Internet freedom is a bipartisan issue, but Congress is divided on how best to protect it. The House showed that early Friday by voting 229-178 to prohibit the government from using funds to relinquish its technical oversight role of the Internet domain system to a global, multi-stakeholder group in 2015.
Since 1997, the Commerce Department has controlled the root server for the domain name system, a digital directory that tells your computer where to go when you type in a Web address, including “.gov” or “.edu,” giving the U.S. potential – if hazy – ownership rights to the Internet. The Obama administration is seeking a way to pass that role to a global group to boost international collaboration on Internet freedom and innovation, but the administration announced that it will not accept a proposal that replaces the Commerce Department’s role with a government-led or an intergovernmental organization solution.
Many Republicans in the House voted to block that plan by cutting its funding, passing an amendment to an appropriations bill Friday introduced by Rep. Sean Duffy, R-Wis. Despite the Commerce Department’s insistence that it will not allow an option that enables governments to dominate Internet policy, Duffy views the administration’s effort as a threat to online free speech.
“We should not give up our stewardship of the Internet so that the United Nations or countries like China or Russia, that do not hold free speech in the same regard, can have the opportunity to take control," Duffy said in his statement introducing the amendment in April.
Few Democrats voted for the amendment, and it is unlikely that the Democratic-controlled Senate would pass a similar motion, although Sen. John McCain, R-Ariz., has criticized the Obama administration’s plan. That power balance may change depending who wins seats in the 2014 midterm elections.
California Democratic Reps. Henry Waxman and Anna Eshoo wrote a joint letter to members ahead of the vote urging the House not to support Duffy’s amendment, warning that it would “greatly increase the likelihood of authoritarian control of the Internet.”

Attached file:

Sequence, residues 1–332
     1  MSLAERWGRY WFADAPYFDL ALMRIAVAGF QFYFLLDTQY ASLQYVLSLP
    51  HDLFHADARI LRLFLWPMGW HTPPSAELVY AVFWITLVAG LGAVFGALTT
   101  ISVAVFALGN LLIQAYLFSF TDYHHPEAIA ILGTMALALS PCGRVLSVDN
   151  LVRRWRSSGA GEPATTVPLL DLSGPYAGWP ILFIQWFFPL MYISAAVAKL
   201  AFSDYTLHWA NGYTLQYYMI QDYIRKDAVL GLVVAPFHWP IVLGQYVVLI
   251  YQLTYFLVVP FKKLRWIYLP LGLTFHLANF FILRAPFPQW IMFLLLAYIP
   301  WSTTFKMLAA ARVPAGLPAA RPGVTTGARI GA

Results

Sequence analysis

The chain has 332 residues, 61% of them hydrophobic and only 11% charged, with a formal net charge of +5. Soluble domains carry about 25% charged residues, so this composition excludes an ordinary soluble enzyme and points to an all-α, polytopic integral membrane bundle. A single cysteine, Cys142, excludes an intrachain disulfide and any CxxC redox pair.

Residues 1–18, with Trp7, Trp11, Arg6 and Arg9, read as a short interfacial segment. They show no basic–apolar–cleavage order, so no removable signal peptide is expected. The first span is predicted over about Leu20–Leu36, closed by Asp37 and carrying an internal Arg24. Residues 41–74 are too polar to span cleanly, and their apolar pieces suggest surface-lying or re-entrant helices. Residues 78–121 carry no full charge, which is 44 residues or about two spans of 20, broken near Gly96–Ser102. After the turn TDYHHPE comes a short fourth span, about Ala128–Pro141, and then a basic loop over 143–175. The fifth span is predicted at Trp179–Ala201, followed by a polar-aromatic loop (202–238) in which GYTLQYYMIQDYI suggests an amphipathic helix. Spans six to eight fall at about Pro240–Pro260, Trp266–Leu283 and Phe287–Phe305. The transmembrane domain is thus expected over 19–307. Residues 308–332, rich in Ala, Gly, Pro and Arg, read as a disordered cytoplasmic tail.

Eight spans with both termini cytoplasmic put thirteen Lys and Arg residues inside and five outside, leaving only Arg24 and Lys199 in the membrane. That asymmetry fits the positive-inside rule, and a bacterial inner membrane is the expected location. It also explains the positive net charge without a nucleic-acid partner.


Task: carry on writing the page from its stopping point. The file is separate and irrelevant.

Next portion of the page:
China and Russia led a coalition of countries to add a form of Internet regulation to a United Nations treaty on telecommunications in 2012, but the U.S. and UK led a group that refused to sign, out of concern that such regulation could threaten the free market and free speech of the global Internet.
By ceding control of Internet oversight, the Obama administration could strengthen U.S. ability to influence Internet freedom and make it “harder for opponents of a free and open Internet to pretend that what they are really against is an Internet dominated by one hegemonic state,” Milton Mueller, a professor at Syracuse University's School of Information Studies, said in a statement.
Eshoo and Waxman have also been staunch advocates for the Federal Communications Commission’s net neutrality policy to ensure companies treat all online traffic equally. Many Republicans have opposed this policy over concerns that it would, like the domain name oversight shift, damage the free market and free speech of the Internet by enabling government to exert too much power over networks.
The new proposed net neutrality rules at the FCC have angered members of both parties. FCC Chairman Tom Wheeler is seeking public comment on the proposal designed to meet scrutiny by a January federal court ruling that struck down the 2010 rules. The FCC could vote on whether to enact final rules as early as September.
Democrats including Sen. Patrick Leahy, Vt., oppose the latest version of the rules, saying they think the rules could allow companies to charge higher payments for premium traffic speeds and thus permanently increase costs for the average cable customer.
The latest Republican opposition to the FCC rules came in a bill introduced Wednesday by Rep. Bob Latta, R-Ohio, vice chairman of the House Commerce Committee's Communications and Technology Subcommittee, that would prevent the commission from regulating Internet providers like phone companies. Regulating Internet providers such as phone companies is an option the FCC is considering as it drafts the final version of its rules.
“The Internet has remained open and continues to be a powerful engine fueling private enterprise, economic growth and innovation absent government interference and obstruction,” Latta said in a statement introducing the bill.